How Gia Coppola got Andrew Garfield to discover his inner ‘Jackass’

How do you get actor Andrew Garfield — Tony Award winner, former Spider-Man — to faucet into his inner Johnny Knoxville?

Have the true man readily available, mentioned director Gia Coppola.

The “Jackass” collection creator performs a small position in Coppola’s new film, “Mainstream,” out Friday, which stars Garfield as a charismatic drifter who turns into an web sensation. For among the movie’s largest scenes, Coppola tapped Knoxville’s pranking recommendation. “That’s really his art form,” she advised The Post over Zoom. “And so much of the content in this [current internet] world is an homage to ‘Jackass,’ creating these kinds of stunts.”

Hence, she options one scene by which Garfield’s character runs down a serious LA road, carrying a pretend penis — and never a lot else.

Maya Hawke plays an aspiring filmmaker who sees the Johnny Knoxville-esque character No One Special (Andrew Garfield) as her muse.
Maya Hawke performs an aspiring filmmaker who sees the Johnny Knoxville-esque character No One Special (Andrew Garfield) as her muse.
©IFC Films/Courtesy Everett Collection

“Originally, this was written as a much tamer stunt,” she mentioned. “But I asked Andrew, ‘Would you be down for doing this on Hollywood Boulevard?’ And he was like, ‘Hell, yeah!’ And then he went further and decided to add a prosthetic d - - k, instead of us just blurring out nude underwear.”

This is the second movie from 34-year-old Coppola, whose household identify is synonymous with moviemaking: Her grandfather is Francis Ford Coppola, and her aunt is Sofia Coppola. Nicolas Cage is one cousin of many. 

Gia Coppola
“Mainstream” is the second movie from director Gia Coppola.
Corbis through Getty Images

Her sophomore movie, after 2013’s “Palo Alto,” sees Garfield’s mysterious, hyperenergetic character intersecting with an aspiring filmmaker (Maya Hawke of “Stranger Things”) and changing into her muse. Their YouTube collaboration along with her author greatest good friend (Nat Wolff of “The Stand“) ends up bringing them fame, and the insanity that can come with it. “I was excited to have someone like Andrew, who is typically cast as the hero, for this character who’s wild and big and crazy,” Coppola mentioned. “To let him run free and experiment with it.”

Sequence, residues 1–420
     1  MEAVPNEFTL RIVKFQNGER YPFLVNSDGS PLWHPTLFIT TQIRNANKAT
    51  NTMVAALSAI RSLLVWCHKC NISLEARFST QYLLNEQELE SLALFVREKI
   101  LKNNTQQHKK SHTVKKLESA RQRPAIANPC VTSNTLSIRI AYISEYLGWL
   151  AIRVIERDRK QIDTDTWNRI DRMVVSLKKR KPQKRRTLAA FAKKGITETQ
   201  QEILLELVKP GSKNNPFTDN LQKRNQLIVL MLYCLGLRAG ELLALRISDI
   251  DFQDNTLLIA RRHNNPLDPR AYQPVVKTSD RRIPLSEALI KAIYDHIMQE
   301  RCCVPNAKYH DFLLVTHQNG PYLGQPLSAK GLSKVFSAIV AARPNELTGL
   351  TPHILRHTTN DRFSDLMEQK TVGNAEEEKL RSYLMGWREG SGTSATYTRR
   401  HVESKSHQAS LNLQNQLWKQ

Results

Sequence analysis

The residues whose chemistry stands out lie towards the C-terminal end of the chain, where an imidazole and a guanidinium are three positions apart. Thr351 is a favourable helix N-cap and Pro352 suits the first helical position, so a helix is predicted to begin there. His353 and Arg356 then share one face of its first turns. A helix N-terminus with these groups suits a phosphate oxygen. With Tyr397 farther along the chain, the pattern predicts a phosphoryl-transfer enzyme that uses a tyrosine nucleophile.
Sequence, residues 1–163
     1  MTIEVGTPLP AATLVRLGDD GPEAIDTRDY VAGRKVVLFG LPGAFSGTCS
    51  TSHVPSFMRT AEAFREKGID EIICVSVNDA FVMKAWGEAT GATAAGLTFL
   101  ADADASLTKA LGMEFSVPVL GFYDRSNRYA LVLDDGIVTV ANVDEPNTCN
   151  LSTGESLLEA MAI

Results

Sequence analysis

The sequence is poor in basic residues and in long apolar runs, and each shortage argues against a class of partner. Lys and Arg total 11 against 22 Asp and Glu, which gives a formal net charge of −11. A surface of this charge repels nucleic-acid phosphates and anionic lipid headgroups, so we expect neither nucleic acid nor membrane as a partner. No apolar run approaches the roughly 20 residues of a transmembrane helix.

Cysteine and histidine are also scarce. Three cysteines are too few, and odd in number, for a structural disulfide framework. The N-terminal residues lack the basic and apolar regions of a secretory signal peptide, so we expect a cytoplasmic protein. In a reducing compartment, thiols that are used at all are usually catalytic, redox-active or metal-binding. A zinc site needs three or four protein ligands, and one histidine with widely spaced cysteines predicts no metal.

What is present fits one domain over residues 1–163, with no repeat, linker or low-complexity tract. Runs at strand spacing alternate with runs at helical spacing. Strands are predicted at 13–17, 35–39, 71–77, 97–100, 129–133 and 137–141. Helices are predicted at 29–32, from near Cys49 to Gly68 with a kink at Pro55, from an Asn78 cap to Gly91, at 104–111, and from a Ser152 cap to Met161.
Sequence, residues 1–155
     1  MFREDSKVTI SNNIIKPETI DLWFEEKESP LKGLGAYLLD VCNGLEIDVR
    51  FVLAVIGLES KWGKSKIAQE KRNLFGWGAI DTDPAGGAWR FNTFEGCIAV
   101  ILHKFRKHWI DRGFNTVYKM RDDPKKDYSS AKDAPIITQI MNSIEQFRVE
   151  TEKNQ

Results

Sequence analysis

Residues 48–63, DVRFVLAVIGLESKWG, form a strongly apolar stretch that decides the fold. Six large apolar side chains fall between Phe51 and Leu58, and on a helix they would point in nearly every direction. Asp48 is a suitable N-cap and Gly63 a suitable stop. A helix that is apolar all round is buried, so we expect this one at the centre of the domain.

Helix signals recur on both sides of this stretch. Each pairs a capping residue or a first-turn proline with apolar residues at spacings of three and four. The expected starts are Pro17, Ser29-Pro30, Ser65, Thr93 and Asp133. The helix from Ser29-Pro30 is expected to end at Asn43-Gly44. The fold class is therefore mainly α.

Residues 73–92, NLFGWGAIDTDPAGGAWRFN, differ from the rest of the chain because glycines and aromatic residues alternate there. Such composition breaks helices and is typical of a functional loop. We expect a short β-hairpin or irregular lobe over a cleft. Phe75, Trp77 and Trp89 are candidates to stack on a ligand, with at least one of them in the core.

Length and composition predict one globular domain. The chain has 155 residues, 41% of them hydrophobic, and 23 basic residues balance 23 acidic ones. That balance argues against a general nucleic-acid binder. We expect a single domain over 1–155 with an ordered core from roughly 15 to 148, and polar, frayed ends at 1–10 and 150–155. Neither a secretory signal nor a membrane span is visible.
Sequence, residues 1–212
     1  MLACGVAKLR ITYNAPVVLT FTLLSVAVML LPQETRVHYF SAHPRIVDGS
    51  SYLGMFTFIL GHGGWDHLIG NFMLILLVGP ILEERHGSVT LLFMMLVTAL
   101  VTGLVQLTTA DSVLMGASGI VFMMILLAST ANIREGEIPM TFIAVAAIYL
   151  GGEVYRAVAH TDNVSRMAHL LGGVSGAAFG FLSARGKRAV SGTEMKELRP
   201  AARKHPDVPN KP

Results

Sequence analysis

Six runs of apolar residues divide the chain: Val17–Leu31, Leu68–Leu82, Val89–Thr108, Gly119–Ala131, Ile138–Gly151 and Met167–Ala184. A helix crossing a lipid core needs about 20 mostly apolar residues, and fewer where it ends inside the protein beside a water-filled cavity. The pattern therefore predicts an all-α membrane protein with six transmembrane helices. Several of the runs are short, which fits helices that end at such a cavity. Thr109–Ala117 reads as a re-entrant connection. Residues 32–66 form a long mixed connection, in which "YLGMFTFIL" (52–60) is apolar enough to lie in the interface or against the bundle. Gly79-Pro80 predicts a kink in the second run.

In one other scene, Garfield’s character, who calls himself No One Special, seems on a panel of real-life personalities, together with infamous YouTuber Jake Paul, Japanese mannequin and TV character Rola, and make-up artist Patrick Starr. What none of them knew, aside from Knoxville because the scene’s fictional host, was that Garfield deliberate to freak out, leap up on the desk and seem to use it as a rest room. 

“We cut out that part in the script,” Coppola mentioned she advised Paul and the others. “We only had one opportunity to really try and surprise them. It was fun to have Knoxville around to figure out how to execute it.”

Reactions to the meltdown diverse wildly. “Rola’s gut reaction was just to stay there. Jake Paul pulled out his camera. And Patrick just bolted.”

Coppola additionally forged her cousin Jason Schwartzman, as a sleazy agent to the trio. Behind the digital camera, she mentioned, he was a font of assist. “Jason is hilarious, he’s nonstop. I ask questions, and he just runs wild.” 

Coppola’s cousin Jason Schwartzman (right) also stars in “Mainstream,” as a sleazy talent agent.
Coppola’s cousin Jason Schwartzman (proper) additionally stars in “Mainstream,” as a sleazy expertise agent.
©IFC Films/Courtesy Everett Collection

As for the director’s emotions about on-line tradition, she will sum it up in a single scene: “When Maya’s character throws up [animated] emoji, that was how I was feeling. Inundated with content. I really needed to get it off my chest.”

After the vicarious cinematic purge, she mentioned she feels a lot better. “My relationship with social media has really been relieved!”

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